War of the Rebellion: Serial 119 Page 0760 PRISONERS OF WAR AND STATE, ETC.

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punishment as is resorted to secure sufficient cleanliness from the details daily made for that purpose from among the prisoners. There is a surgeon and also a physician hired to assist him, who have the charge of the hospital. I believe the sick have had every care and kindness compatible with their condition as prisoners of war. I refer you to the report of Doctor Woodbridge, the surgeon, accompanying herewith, for more particular information respecting the hospital and other provisions for the sick, with the assurance that his statements can be relied on as correct.

In considering the mortality it should be taken into consideration that many came here after great exposure in camp, on marches, and on the battle-field; may wounded, many sick on their arrival, and many very much emaciated. The smallpox has been brought here on three different occasions by prisoners having the disease on their arrival, so that they were carried at once into the pest-house. The truth is that the health of the prisoners greatly improves while at this depot, so much so that there is a marked change in their appearance for the better between their arrival and departure.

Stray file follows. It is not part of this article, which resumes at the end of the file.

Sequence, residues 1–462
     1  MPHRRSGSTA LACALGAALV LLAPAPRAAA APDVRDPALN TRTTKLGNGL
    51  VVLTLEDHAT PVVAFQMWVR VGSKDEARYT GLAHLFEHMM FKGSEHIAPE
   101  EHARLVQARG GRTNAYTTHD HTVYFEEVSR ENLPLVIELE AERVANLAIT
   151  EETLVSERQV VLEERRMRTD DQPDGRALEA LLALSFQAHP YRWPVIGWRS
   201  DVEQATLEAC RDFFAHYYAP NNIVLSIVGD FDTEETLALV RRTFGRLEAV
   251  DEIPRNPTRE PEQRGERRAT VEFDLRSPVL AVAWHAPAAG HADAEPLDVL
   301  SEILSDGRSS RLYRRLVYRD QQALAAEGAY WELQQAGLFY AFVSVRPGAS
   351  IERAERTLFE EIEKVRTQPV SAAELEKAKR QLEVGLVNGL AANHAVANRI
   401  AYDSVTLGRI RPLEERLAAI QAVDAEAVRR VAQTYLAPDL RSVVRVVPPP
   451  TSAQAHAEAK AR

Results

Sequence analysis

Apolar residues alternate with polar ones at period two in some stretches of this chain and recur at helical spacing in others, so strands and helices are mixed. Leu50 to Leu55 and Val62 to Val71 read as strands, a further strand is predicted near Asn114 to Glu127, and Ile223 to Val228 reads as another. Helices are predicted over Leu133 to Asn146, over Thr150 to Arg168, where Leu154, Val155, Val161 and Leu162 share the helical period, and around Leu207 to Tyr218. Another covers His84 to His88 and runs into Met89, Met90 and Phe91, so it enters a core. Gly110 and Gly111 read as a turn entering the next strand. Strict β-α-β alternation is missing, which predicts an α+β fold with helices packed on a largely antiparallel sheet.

Very respectfully, your obedient servant,

WM. S. PIERSON,

Lieutenant-Colonel, Commanding Post.

[Inclosure Numbers 1.]

OFFICE ACTING ASSISTANT QUARTERMASTER,

DEPOT PRISONERS OF WAR,

Near Sandusky, Ohio, December 25, 1863.

Lieutenant Colonel WILLIAM S. PIERSON, Commanding Post:

SIR: In obedience to your order I have the honor to make the following statement in relation to the condition of the prisoners confined at this post, viz: First, barracks, &c. There are in all thirteen barracks for the use of the prisoners, including one hospital, each two stories. Four of these barracks are each 117 feet long and 29 feet wide, divided into 22 rooms, including 2 kitchens and 2 double mess rooms, and holding at the present time on an average of 150 prisoners. Four barracks are each 130 feet long and 24 feet wide, divided into 6 compartments, with 2 kitchens in addition to the main building, and containing on an average 235 prisoners. Four barracks are each 134 feet long and 24 feet wide, divided into 6 compartments, with 2 kitchens in addition to the main building, and contain on an average 270 prisoners. The hospital is 126 feet long and 30 feet wide, and divided into 4 wards, and contains about 80 patients at present. The barracks are all provided with bunks, tables, and benches, and stoves in all the rooms. Cooking utensils and table furniture are also furnished. Second, rations are issued to prisoners in accordance with the old army regulations and of the same quality as those issued to the U. S. troops. Third, wood is issued for actual use; at present about fifteen cords per day is allowed. Fourth, clothing is issued when absolutely necessary. The issue for the year 1863 is as follows, viz: Trousers, 1,046; shirts, 1,092; blouses, 200; drawers, 270; socks, 380; greatcoats, 13; shoes, 796.

I am, sir, very respectfully, your obedient servant,

L. M. BROOKS,

First Lieutenant, Hoffman's Battalion Ohio Volunteer Infantry,

Acting Assistant Quartermaster.